Science Fair Project Encyclopedia
Sand is an example of a class of materials called granular matter. Sand is a naturally occurring, finely divided rock, comprising particles or granules ranging in size from 0.063 to 2 mm. An individual particle in this range size is termed a sand grain. The next smaller size class in geology is silt: particles below 0.063 mm down to 0.004 mm in size. The next larger size class above sand is gravel, with particles ranging up to 64 mm (see grain size for standards in use).
The most common constituent of sand in inland continental settings and non-tropical coastal settings, is silica (silicon dioxide), often in the form of quartz, because of the considerable hardness of this mineral. However, the composition of sand varies according to local rock sources and conditions. Arkose is a sand or sandstone with considerable feldspar content which is derived from the weathering and erosion of a usually nearby granite. Much of the fine white sand found in coral reef settings is ground-up limestone of biological origin. Some locations have sands that contain magnetite, chlorite, glauconite, or gypsum. Sands rich in magnetite are dark to black in color, as are sands derived from basalt. The chlorite-glauconite bearing sands are typically green in color, as are sands derived from basalts (lavas) with a high olivine content. The gypsum sand dunes of the White Sands National Monument in New Mexico are famous for their bright, white color. Sand deposits in some areas contain garnets and other resistant minerals, including some small gemstones.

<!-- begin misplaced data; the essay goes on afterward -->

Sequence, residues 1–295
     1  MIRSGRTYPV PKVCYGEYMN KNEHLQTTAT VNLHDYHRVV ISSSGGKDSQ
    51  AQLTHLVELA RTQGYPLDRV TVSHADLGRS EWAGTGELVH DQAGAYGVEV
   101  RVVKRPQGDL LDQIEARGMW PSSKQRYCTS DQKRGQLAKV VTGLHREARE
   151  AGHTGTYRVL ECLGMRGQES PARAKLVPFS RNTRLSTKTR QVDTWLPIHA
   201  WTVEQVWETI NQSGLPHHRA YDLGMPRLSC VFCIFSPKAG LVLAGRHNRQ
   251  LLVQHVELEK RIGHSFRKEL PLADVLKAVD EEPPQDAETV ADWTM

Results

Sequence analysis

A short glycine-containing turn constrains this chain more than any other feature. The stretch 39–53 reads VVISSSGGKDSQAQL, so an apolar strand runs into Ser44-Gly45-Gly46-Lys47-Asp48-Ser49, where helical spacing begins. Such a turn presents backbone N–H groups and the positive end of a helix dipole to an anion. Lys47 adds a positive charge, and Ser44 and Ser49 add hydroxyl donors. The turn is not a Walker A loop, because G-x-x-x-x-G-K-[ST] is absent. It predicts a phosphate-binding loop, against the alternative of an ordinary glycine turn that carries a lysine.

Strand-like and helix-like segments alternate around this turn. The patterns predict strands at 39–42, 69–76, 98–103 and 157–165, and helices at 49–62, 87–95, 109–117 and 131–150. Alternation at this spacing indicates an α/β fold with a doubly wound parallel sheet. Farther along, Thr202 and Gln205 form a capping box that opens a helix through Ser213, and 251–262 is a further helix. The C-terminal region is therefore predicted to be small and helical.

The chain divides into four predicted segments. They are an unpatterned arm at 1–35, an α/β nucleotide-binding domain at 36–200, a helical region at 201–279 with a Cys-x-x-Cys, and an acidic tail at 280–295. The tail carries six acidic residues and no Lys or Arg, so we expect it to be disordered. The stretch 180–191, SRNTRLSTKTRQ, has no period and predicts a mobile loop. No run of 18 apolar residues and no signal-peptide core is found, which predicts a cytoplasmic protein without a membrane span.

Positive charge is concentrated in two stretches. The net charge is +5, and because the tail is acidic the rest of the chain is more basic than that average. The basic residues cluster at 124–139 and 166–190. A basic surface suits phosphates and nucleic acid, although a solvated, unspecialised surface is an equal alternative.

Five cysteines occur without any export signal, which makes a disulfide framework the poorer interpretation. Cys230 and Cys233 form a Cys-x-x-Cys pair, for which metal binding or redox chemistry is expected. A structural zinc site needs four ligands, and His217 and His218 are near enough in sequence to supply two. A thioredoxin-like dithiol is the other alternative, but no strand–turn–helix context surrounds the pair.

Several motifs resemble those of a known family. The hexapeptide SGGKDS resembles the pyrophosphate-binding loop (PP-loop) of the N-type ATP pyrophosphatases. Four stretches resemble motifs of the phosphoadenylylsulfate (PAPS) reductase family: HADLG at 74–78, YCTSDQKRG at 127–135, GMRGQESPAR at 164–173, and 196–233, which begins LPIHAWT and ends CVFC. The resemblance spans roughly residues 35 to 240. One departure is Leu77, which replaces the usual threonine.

The study of sand is called arenology
Uses of sand
Sand is often a principal component of the aggregate used in the preparation of concrete. Sand manufactured at rock crusher plants for use as an aggregate is called mansand. Graded sand is used as an abrasive in sandblasting and is also used in media filters for filtering water.
Hazards of sand
Bags of sand now typically carry labels warning the user to wear respiratory protection and avoid breathing the fine silica dust. There have been a number of lawsuits in recent years where workers have sought damages after they developed silicosis, a lung disease caused by inhalation of fine silica particles.
People have been severely injured and even killed after digging sand "caves" in large dunes or sandhills when the cave collapsed upon them.
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